Congress is about to go on its annual August recess without coming to an agreement on a farm bill.
The fate of the legislation, which would extend the current farm bill that expires on Sept. 30, has been in limbo since the House-passed version stripped the food stamp program, which is known as the nutrition title.
But it's not just Representatives and Senators who have issues with the bill.
The U.S. Public Interest Research Group (U.S. PIRG) says that the final farm bill should take a more comprehensive view of federal tax support for all of America's nutritional needs.
Inequities in agricultural subsidies: Since 1995, says the consumer advocacy group, the U.S. government has spent $292.5 billion on agricultural subsidies, with $19.2 billion of that federal largesse going to corn- and soy-derived junk food ingredients.
Worse, argues U.S. PIRG in its recently released report "Apples to Twinkies 2013," the federal tax-subsidy system disproportionately benefits larger commodity crop producers and does not fund all crops equally.
Apples, which the report cites as the only fruit or vegetable to receive significant federal subsidies, garnered only $689 million in federal tax help over the same period.
"Had these subsidies gone directly to America's 146 million taxpayers, the apple subsidies would enable each taxpayer to buy half an apple each year," according to the report. "But the annual junk food subsidies would add up to nearly 20 Twinkies each."
Or, doing the packaged sweets math another way, U.S. PIRG says the money used to subsidize corn and soy junk food ingredients would pay for almost 52 billion Twinkies, enough to circle the Earth 132 times when placed end to end.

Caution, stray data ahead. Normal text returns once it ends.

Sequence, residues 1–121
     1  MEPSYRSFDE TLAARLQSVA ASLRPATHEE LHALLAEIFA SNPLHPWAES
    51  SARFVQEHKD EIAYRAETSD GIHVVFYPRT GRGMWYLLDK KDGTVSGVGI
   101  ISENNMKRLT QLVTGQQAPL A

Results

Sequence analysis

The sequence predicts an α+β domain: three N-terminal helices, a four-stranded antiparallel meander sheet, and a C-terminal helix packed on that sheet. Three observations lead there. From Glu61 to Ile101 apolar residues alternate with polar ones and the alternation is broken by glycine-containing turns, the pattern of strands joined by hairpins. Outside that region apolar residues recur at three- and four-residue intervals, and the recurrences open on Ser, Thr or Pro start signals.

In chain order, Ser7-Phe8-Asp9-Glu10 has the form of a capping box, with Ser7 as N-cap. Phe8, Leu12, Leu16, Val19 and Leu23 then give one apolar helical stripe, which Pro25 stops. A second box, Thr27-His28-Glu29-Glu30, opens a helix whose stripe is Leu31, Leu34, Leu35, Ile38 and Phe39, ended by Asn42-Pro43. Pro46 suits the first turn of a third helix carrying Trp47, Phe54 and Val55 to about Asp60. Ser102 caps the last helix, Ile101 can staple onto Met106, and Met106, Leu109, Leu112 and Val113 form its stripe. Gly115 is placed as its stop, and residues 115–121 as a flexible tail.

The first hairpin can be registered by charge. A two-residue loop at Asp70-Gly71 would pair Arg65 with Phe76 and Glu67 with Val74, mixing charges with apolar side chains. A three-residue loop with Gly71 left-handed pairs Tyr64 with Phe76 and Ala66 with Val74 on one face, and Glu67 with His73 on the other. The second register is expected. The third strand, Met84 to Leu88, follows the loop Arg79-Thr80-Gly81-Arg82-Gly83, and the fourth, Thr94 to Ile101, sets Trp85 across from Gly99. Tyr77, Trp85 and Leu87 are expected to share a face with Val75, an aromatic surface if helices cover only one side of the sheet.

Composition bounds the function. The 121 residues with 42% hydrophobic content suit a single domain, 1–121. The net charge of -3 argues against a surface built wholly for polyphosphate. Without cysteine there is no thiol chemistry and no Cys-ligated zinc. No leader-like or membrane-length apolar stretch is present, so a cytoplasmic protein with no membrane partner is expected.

I'm seeing an anti-Copernicus on a sugar high right now.
While I like both Twinkies numerical examples, I'm staying with a more direct tax amount for this week's By the Numbers figure: the $19.2 billion we taxpayers have covered over the last 18 years for farm bill subsidized junk-food ingredients.
Paying to make America fatter: Uncle Sam's subsidies for crops used to manufacture junk food are, says U.S. PIRG, especially "egregious at a time when America is facing an obesity epidemic."
The Boston-based nonprofit has a point.
But then there might be some method to the tax subsidies madness.
No, I'm not talking about the big-dollar support that members of Congress get from the giant agriculture concerns' PACs to keep tax subsidies in place.
I'm thinking now of the opportunity to create new fat taxes on the unhealthy products created with subsidized products. In fact, a Twinkies' related measure, the Stop Subsidizing Childhood Obesity Act, was introduced in the last Congress on the heels of the Hostess Brands troubles.
Federal and state attempts to include sugary products in the sin tax category have failed. So far.
That's good. I'm not a fan of the sin tax approach, since defining what's bad, for individuals and the community at large, is tricky and morally subjective business.
But as the U.S. and state treasuries look for ways to bring in more money, a fat tax eventually could be, in the grand scheme of taxes, one of the easier levies to justify and push through.You also might find these items of interest: